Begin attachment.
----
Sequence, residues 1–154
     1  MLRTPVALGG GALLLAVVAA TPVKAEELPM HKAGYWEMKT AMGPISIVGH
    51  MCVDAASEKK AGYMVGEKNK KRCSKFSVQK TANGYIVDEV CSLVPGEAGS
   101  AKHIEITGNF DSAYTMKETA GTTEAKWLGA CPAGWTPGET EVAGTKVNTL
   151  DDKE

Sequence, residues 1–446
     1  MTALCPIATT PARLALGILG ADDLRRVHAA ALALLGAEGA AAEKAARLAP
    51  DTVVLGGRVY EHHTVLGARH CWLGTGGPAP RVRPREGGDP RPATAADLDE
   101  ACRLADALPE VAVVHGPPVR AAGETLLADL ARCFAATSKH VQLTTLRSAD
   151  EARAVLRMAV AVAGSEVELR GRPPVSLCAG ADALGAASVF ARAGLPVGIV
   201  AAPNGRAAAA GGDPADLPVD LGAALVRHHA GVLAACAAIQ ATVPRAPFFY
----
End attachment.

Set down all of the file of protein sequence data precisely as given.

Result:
Sequence, residues 1–154
     1  MLRTPVALGG GALLLAVVAA TPVKAEELPM HKAGYWEMKT AMGPISIVGH
    51  MCVDAASEKK AGYMVGEKNK KRCSKFSVQK TANGYIVDEV CSLVPGEAGS
   101  AKHIEITGNF DSAYTMKETA GTTEAKWLGA CPAGWTPGET EVAGTKVNTL
   151  DDKE

Sequence, residues 1–446
     1  MTALCPIATT PARLALGILG ADDLRRVHAA ALALLGAEGA AAEKAARLAP
    51  DTVVLGGRVY EHHTVLGARH CWLGTGGPAP RVRPREGGDP RPATAADLDE
   101  ACRLADALPE VAVVHGPPVR AAGETLLADL ARCFAATSKH VQLTTLRSAD
   151  EARAVLRMAV AVAGSEVELR GRPPVSLCAG ADALGAASVF ARAGLPVGIV
   201  AAPNGRAAAA GGDPADLPVD LGAALVRHHA GVLAACAAIQ ATVPRAPFFY